Exercise May Help You Overcome Fertility Issues2 years ago | Pregnancy
By Joy Stephenson-Laws, JD, Founder
It can be a physically and emotionally taxing as well as an expensive journey for women who are struggling with infertility and doing everything in their power to get pregnant. I’m talking about women who choose the route of undergoing fertility treatments.
One of the most common types of fertility treatments is called in vitro fertilization (IVF). Basically, “IVF is the process of fertilization by extracting eggs, retrieving a sperm sample, and then manually combining an egg and sperm in a laboratory dish,” according to the American Pregnancy Association. The embryo is then placed in the woman’s uterus, in hopes of having a healthy and successful pregnancy.
Penn Medicine states that between 1987 and 2015 one million babies were born in the United States with the use of IVF or “other assisted reproductive technologies.” On average one round of IVF costs $12,000 and this does not include the fertility drugs that accompany the treatment which can run from around $3,000 to $5,000. More often than not, insurance does not fully cover these costs. And some women go through several rounds of IVF before they have a successful pregnancy which, as you can imagine, really racks up the bill. Take, for example, the story of a woman in this report named Shelynda Brown. She and her husband spent $63,000 out of pocket for their fertility treatments (which included IVF).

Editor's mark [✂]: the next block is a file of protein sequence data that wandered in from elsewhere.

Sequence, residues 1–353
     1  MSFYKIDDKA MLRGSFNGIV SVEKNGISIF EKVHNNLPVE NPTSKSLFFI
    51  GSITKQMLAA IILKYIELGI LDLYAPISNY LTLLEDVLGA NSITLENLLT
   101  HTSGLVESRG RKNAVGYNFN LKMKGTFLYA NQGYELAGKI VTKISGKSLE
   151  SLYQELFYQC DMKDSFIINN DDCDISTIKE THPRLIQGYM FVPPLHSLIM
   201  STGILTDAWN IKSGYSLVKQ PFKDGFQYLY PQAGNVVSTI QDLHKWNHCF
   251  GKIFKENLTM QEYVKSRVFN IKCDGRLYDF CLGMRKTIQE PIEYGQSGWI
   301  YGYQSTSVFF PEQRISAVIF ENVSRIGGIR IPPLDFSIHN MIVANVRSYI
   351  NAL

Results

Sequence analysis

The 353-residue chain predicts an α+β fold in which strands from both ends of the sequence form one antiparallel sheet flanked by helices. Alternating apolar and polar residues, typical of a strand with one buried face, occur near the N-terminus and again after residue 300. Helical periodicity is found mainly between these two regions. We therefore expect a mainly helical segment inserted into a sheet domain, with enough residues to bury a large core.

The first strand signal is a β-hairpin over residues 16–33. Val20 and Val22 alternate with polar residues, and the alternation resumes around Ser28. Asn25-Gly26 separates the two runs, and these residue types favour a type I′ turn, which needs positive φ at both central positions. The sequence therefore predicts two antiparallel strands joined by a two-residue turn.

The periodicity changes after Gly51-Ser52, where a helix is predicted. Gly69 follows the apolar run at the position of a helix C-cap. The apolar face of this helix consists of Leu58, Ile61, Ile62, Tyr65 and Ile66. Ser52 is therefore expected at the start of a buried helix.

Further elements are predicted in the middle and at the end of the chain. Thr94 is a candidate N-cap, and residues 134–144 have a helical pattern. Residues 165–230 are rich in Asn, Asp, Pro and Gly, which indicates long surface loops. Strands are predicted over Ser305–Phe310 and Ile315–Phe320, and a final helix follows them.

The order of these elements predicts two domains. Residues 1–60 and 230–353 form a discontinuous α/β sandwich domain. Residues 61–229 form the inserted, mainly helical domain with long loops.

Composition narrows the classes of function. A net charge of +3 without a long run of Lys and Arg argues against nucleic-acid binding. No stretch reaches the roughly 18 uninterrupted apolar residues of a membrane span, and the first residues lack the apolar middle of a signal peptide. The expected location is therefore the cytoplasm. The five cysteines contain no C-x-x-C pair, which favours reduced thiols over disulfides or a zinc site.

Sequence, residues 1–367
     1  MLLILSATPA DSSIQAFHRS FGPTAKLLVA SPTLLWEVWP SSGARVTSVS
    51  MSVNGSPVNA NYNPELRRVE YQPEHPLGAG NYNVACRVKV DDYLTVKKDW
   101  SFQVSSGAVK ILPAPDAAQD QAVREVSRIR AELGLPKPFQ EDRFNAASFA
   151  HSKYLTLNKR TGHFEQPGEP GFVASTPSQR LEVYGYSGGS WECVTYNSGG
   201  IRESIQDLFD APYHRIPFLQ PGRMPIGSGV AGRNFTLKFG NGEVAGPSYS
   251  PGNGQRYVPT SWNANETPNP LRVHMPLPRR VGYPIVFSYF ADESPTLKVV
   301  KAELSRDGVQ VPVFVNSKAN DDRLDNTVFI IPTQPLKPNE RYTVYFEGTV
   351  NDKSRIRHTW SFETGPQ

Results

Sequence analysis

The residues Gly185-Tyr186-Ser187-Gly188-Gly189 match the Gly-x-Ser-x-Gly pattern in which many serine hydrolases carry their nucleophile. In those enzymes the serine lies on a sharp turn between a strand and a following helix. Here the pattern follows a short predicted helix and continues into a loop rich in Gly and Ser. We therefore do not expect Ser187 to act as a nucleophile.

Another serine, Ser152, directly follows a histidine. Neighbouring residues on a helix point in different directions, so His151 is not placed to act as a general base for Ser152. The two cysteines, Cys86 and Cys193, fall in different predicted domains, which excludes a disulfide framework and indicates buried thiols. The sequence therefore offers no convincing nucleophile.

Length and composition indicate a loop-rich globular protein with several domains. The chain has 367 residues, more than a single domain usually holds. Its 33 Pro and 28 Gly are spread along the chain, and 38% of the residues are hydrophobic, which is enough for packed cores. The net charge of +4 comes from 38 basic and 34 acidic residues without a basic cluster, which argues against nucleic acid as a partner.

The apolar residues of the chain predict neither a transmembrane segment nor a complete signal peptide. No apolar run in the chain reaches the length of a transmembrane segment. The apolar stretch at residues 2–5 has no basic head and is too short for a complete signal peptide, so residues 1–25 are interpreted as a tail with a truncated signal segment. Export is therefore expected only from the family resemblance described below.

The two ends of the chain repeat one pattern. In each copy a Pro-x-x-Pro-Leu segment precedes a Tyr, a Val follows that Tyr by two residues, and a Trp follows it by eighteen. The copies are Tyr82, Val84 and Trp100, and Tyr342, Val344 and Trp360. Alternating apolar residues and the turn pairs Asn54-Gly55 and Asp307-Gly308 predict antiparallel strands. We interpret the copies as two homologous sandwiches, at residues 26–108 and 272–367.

And although it’s probably safe to say that many can afford these costs, there are many celebrities, including Gabrielle Union and Chrissy Tiegan, who have been open and honest about their fertility issues and journeys with IVF.
According to the Centers for Disease Control and Prevention (CDC), about six percent of married women aged 15 to 44 years in the United States are unable to get pregnant after one year of trying. And about 12 percent of women (regardless of marital status) between the ages of 15 to 44 have trouble getting pregnant or carrying a pregnancy to term.
Although IVF and other fertility treatments may be viable options to some women and lead to successful and healthy pregnancies, a recent study conducted by researchers at the University of Queensland suggests that exercise may improve a woman’s chances of becoming pregnant just as effectively as fertility treatments.
One of the doctors involved in the study analyzed research on reproductive health and exercise from the last two decades.
"When physical activity was compared with standard fertility treatments, such as IVF or ovulation induction, there was no difference in pregnancy rates and live births between women exercising and those undertaking fertility treatments," said the doctor, in this report discussing the study.
"This suggests that physical activity may be as effective as commonly-used fertility treatments, and could be an affordable and feasible alternative or complementary therapy to these very expensive treatments.”
The study also showed that there were higher pregnancy and live birth rates in women that participated in physical activity compared to women just undergoing fertility treatments and women who did not exercise.
There was not one specific type of exercise, such as running or lifting weights, that proved to be most effective. And, “...even moderate increases in physical activity—such as increasing the step counts—seemed to improve reproductive health outcomes," said the doctor.